The Patriots’ Tom Brady was picked 199th overall in the 2000 National Football League (NFL) draft. He was taken to be a backup for Drew Bledsoe, a high quality starting quarterback for the Patriots. Only once Bledsoe was injured did Brady take over, leading the team to a Super Bowl victory over the St. Louis Rams. In 2001, Tom Brady was the ultimate underdog. Now, he is the personification of a drab, dominant sports force. He has the exact same style of play as he did in 2001, and is still an absurdly boring athlete. Brady is universally both loathed and respected: for headlining a boring franchise’s boring quest for more championships, and for eliminating the hopes of upstart franchises along the way. It’s not that Brady is a gloating winner, it is moreso that he represents stagnancy in sports. His coach, Bill Belichick, is a domineering football maven that has ties to Donald Trump and conservative advocacy groups. Quite literally in the case of the Patriots, the favourite represents the oppressor and their conservative, stagnant ideals.
The Yankees, the Patriots, and the Lakers are the American dynasties of our era, and all employ similar tactics to win. They amass the free agents, get the best out of underperformers, and win, over and over again. In many fields, such success would warrant respect, but the sports world takes a different approach. Sports means a great deal to many people, and I believe that at its heart it signifies the unpredictability of life. No matter where the ball rolls, something can happen; someone can turn a defeat into an impossible victory and rescue the average person from mundanity. People wish for an aberration. We want teams that were bad last year to win this year.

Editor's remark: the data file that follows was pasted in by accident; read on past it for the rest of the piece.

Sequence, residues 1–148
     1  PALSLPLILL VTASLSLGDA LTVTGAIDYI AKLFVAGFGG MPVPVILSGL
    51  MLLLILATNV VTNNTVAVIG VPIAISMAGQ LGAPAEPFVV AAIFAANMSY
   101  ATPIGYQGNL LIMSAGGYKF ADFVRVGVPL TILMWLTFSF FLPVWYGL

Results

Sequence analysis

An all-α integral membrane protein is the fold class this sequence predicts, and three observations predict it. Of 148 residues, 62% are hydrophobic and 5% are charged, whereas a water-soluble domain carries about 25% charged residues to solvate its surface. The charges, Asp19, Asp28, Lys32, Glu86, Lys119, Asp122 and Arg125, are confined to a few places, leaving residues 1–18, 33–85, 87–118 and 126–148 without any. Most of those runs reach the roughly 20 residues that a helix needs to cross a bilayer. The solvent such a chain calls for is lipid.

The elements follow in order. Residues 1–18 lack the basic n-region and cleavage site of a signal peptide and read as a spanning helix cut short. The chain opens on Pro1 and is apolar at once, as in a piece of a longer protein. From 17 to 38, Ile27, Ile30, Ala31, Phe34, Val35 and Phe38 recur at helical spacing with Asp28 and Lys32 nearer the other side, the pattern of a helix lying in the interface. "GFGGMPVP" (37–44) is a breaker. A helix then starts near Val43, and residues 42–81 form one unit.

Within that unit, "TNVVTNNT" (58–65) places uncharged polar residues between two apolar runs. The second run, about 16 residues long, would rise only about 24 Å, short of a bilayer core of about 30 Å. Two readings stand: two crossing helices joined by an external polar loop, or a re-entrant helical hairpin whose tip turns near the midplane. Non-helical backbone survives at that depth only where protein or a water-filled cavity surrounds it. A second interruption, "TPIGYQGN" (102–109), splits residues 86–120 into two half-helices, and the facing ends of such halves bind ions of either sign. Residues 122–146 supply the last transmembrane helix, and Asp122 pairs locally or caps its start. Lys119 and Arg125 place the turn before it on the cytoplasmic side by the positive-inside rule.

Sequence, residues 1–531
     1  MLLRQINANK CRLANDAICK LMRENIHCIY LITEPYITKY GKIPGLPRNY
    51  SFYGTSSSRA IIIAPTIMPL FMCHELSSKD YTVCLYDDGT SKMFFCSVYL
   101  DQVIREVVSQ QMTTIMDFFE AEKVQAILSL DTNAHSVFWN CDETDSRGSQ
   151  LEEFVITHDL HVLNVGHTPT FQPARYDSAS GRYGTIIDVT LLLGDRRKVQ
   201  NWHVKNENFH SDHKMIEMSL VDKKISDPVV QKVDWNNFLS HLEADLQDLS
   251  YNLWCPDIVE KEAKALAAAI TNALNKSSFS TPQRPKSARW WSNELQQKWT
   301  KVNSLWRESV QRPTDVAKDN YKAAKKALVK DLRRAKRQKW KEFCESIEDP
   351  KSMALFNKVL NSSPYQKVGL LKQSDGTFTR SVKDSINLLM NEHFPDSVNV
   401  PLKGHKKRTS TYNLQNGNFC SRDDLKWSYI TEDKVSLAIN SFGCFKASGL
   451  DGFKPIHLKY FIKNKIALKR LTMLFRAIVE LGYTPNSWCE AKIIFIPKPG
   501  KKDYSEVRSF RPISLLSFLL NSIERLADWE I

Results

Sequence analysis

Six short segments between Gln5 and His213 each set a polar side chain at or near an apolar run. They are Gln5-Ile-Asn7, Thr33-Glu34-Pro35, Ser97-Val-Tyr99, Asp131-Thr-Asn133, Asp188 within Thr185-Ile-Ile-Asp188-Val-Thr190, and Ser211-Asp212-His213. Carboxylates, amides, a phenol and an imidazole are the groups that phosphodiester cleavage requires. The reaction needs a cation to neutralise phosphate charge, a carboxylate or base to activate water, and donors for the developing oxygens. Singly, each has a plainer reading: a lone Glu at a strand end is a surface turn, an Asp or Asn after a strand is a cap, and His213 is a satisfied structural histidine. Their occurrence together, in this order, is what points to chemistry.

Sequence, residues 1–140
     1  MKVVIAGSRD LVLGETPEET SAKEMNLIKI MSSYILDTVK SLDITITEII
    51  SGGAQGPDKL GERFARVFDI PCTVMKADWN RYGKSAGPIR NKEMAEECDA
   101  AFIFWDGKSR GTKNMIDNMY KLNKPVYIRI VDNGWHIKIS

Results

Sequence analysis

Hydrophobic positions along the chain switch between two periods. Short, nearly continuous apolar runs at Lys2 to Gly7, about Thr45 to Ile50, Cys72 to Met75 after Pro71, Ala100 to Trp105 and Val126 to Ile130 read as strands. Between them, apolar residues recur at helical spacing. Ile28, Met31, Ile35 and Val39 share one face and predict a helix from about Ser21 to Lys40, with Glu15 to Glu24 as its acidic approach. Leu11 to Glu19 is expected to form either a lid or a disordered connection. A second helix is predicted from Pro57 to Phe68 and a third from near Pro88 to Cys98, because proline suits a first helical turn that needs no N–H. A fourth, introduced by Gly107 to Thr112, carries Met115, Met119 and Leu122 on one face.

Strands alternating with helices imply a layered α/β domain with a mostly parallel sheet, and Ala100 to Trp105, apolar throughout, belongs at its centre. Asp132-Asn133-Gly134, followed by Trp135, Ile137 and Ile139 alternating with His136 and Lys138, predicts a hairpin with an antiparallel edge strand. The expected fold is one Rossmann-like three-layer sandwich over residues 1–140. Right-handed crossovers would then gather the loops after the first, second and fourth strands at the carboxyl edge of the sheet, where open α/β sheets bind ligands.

The everyday sports fan has nothing in common with anyone in a professional sports league. They work five days a week, doing effectively the same thing every day and they are not an athletic demigod. To us, sports symbolize that there can be a deviation from the norm. The underdog is, paradoxically, a less risky choice to root for than the favourite. If the underdog wins, the fan is extremely pleased as the odds have been defied. If the underdog loses, there is no great shock, and the fan’s knowledge of the game remains unchallenged.
Why do people believe in underdogs? Everyone on the grand stage of sports was a star at some point in their life, and the lowest of the low in a Big Four league are still dominant in any other league. For the media, creating an underdog allows a proliferation of content and something for their anchors to discuss. For the teams, it allows them a measure of fandom their ownership and players may not warrant. For the fan, it is a manifestation of their dreams, of their desire to resist an oppressor, and provides a method for coping with loss. Looking at statistics, there usually isn’t much separating our beloved underdog from the hated favourite. Professional sports are balanced, more than we care to think or the leagues want to admit. Unlike in dogfighting, these teams are usually on a level playing field, and when there is a dog truly on top of another, it probably deserved that spot.